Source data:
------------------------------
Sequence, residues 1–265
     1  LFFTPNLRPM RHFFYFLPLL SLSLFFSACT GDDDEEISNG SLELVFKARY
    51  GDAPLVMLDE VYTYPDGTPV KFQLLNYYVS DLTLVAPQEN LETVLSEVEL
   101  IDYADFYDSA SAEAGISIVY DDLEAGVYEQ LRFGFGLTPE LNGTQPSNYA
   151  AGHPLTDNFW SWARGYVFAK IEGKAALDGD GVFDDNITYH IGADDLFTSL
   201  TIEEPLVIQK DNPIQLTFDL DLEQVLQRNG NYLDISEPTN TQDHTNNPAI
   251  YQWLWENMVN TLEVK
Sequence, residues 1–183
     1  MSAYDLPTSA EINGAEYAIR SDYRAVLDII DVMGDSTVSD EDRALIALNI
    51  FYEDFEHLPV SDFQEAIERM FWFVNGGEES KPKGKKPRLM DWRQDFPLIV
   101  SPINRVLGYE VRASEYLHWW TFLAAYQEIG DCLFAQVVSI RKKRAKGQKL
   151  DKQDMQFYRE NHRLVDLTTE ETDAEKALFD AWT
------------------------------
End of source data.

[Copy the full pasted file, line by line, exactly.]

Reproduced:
Sequence, residues 1–265
     1  LFFTPNLRPM RHFFYFLPLL SLSLFFSACT GDDDEEISNG SLELVFKARY
    51  GDAPLVMLDE VYTYPDGTPV KFQLLNYYVS DLTLVAPQEN LETVLSEVEL
   101  IDYADFYDSA SAEAGISIVY DDLEAGVYEQ LRFGFGLTPE LNGTQPSNYA
   151  AGHPLTDNFW SWARGYVFAK IEGKAALDGD GVFDDNITYH IGADDLFTSL
   201  TIEEPLVIQK DNPIQLTFDL DLEQVLQRNG NYLDISEPTN TQDHTNNPAI
   251  YQWLWENMVN TLEVK
Sequence, residues 1–183
     1  MSAYDLPTSA EINGAEYAIR SDYRAVLDII DVMGDSTVSD EDRALIALNI
    51  FYEDFEHLPV SDFQEAIERM FWFVNGGEES KPKGKKPRLM DWRQDFPLIV
   101  SPINRVLGYE VRASEYLHWW TFLAAYQEIG DCLFAQVVSI RKKRAKGQKL
   151  DKQDMQFYRE NHRLVDLTTE ETDAEKALFD AWT